THE legal status of about 135,000 decisions made by a body set up by the Howard government to vet the qualifications and experience of foreign workers is under a cloud after a series of bureaucratic and ministerial gaffes.
Both Joe Hockey and Julia Gillard, in their respective roles as employment and workplace ministers, failed to ratify Trades Recognition Australia - a body set up in 2007 - as a relevant authority under the Migration Act to ensure foreign workers met Australian standards before being approved for employment.
The embarrassing oversight came to light in March when lawyers for Indian national Gurinder Singh successfully overturned a decision by the Migration Review Tribunal to refuse him a visa on the grounds that he had provided false information about his work experience.
Lawyers for Mr Singh argued that although he provided misleading information to Trades Recognition Australia (TRA), it was not relevant because the agency had not been confirmed in writing by the minister as the relevant authority, a requirement contained in the enabling legislation.
A spokesman for the Minister for Tertiary Education and Skills, Senator Chris Evans, this week confirmed the blunder in a two-line statement to The Saturday Age, adding that steps had been taken to rectify the situation.
Sources in the Department of Education, Employment and Workplace Relations told The Saturday Age this week it was a ''monumental stuff-up'' with implications for 135,000 skilled assessments made between 2007 and 2011. Figures released by the department show the TRA approved 99,433 skills assessments and rejected 35,908.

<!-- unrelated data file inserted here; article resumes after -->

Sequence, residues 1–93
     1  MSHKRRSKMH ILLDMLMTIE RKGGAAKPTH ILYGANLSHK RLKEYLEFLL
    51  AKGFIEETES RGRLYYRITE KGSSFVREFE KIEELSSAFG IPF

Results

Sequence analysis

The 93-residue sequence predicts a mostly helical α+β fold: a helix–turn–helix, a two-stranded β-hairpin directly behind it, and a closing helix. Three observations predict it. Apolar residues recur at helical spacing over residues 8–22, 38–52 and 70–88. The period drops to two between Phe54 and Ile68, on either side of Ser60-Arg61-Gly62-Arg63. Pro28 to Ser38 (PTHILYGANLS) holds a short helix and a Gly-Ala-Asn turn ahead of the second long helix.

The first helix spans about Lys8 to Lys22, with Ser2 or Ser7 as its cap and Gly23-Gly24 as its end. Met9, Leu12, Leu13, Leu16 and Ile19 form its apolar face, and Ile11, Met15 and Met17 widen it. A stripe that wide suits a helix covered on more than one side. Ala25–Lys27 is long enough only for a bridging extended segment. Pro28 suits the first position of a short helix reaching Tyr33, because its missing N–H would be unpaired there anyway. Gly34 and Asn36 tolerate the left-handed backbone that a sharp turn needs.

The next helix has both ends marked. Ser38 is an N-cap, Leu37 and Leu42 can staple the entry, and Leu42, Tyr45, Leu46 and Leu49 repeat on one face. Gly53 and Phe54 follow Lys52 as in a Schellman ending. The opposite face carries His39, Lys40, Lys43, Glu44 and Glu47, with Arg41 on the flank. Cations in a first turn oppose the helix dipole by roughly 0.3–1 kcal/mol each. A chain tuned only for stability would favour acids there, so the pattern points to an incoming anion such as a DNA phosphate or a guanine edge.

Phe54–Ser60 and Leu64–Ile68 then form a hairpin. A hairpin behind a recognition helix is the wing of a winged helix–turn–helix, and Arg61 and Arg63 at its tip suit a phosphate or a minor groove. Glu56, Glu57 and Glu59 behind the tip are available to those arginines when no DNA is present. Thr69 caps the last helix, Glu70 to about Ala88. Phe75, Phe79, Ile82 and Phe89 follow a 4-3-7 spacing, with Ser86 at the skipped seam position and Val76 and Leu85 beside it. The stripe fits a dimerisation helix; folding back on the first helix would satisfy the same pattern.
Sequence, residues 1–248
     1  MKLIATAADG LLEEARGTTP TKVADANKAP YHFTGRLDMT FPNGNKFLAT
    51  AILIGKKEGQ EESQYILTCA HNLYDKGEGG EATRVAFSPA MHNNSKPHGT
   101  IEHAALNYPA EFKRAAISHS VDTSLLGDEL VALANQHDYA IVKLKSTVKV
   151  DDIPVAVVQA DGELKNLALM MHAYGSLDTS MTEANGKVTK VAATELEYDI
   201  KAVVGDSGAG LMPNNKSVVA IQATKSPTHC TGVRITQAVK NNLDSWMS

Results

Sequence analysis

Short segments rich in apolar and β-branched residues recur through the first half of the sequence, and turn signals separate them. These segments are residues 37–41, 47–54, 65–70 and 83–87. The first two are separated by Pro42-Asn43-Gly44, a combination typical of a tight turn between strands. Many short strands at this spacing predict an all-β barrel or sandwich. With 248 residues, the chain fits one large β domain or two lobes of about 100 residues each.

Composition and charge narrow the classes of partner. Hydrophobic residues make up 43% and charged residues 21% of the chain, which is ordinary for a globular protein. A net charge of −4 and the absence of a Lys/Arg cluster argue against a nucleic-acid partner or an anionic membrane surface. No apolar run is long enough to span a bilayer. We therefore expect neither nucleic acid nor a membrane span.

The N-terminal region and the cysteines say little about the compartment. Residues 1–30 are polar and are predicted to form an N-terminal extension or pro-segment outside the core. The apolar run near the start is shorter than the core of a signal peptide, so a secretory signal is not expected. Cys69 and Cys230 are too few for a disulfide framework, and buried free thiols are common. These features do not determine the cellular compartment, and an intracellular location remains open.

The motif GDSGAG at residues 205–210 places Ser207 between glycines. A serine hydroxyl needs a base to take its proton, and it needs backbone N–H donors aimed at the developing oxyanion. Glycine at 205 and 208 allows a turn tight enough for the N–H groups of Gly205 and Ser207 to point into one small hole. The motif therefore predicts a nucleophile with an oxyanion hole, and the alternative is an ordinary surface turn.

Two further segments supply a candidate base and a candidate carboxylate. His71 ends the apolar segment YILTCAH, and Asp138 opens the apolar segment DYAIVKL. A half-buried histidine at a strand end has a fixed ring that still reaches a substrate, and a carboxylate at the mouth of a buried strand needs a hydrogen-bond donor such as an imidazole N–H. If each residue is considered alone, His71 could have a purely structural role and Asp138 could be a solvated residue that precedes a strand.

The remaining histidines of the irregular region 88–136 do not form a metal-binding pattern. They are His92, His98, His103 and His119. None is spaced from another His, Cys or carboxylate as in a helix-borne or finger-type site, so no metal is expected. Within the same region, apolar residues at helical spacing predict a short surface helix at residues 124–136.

''It seems the paperwork just sat in the ministers' in-tray for years and they never got to it,'' was how another government source described the blunder.
Immigration experts last night said they believed the blunder would have profound implications for thousands of visa applications. But they said until each case was examined in detail it would be impossible to calculate precisely how many applicants would be adversely affected.
An Immigration Department spokesman said only 12,000 people under the general skilled migration program would be affected. ''We don't believe the number will be anywhere near 135,000 because not all decisions relate directly to the TRA.’’
Although the anomaly had been fixed in October last year, the spokesman said a review of the caseload affected had been ordered. No appeal was planned.
The Howard government set up TRA in 2007, but it was not properly empowered as the relevant assessing authority until 2011 by the Gillard government.
Joe Hockey, now the opposition treasury spokesman, said he had no recollection of the TRA or the legislative requirement. ‘‘It was an election year and Joe has no memory of it,’’ a spokesman said.
The oversight leaves a question mark over the legal status of thousands of workers employed on major resources projects as well as in the construction industry. In 2010 and 2011 about 50,000 457-category visas were granted. Last year 11,290 Australian and overseas employers were approved to sponsor 457 visas.
Lawyers for Mr Singh argued before the Federal Magistrates Court that the TRA had not been approved as the relevant assessing authority for his occupation as a cook and therefore the issue should not have been decided by the Migration Tribunal. They argued that the TRA had not been empowered by the education or employment minister.
In the past, the TRA has come under criticism from applicants wishing to obtain trade recognition so they can lodge applications. Applicants also complained to the Ombudsman that it was not clear why they had received adverse decisions.